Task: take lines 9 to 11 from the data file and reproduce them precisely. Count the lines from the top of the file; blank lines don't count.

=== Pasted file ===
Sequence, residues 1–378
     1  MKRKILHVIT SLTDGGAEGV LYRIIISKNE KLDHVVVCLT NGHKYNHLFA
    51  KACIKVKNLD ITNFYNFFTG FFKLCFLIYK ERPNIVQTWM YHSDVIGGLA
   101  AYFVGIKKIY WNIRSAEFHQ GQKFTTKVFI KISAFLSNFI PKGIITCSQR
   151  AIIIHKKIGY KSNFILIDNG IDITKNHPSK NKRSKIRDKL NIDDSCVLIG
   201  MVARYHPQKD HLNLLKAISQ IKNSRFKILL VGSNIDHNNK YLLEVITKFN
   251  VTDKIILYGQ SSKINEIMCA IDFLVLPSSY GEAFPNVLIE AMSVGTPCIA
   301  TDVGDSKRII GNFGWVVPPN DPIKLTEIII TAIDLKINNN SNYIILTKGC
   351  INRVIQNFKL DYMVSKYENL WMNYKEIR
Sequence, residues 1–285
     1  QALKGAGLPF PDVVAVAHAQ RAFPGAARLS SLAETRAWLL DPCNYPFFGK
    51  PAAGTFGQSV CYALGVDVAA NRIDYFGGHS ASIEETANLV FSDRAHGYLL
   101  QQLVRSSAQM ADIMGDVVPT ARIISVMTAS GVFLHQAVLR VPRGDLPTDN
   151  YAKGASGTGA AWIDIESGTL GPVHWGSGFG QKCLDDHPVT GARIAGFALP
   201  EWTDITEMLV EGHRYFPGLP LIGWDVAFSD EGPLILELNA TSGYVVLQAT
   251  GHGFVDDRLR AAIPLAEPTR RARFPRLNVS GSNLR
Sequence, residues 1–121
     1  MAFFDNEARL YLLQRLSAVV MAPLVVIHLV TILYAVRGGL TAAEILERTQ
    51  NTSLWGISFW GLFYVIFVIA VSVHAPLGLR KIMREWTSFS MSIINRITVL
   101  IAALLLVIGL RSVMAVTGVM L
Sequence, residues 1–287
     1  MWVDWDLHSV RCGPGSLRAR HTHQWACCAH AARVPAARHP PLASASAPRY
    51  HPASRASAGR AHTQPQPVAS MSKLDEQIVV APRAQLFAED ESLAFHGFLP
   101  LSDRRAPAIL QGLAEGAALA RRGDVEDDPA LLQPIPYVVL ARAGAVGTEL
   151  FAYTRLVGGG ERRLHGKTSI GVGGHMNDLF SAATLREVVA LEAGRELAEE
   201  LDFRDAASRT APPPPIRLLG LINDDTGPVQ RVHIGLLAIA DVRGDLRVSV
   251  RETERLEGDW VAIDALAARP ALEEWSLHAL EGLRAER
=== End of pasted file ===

   351  INRVIQNFKL DYMVSKYENL WMNYKEIR
Sequence, residues 1–285
     1  QALKGAGLPF PDVVAVAHAQ RAFPGAARLS SLAETRAWLL DPCNYPFFGK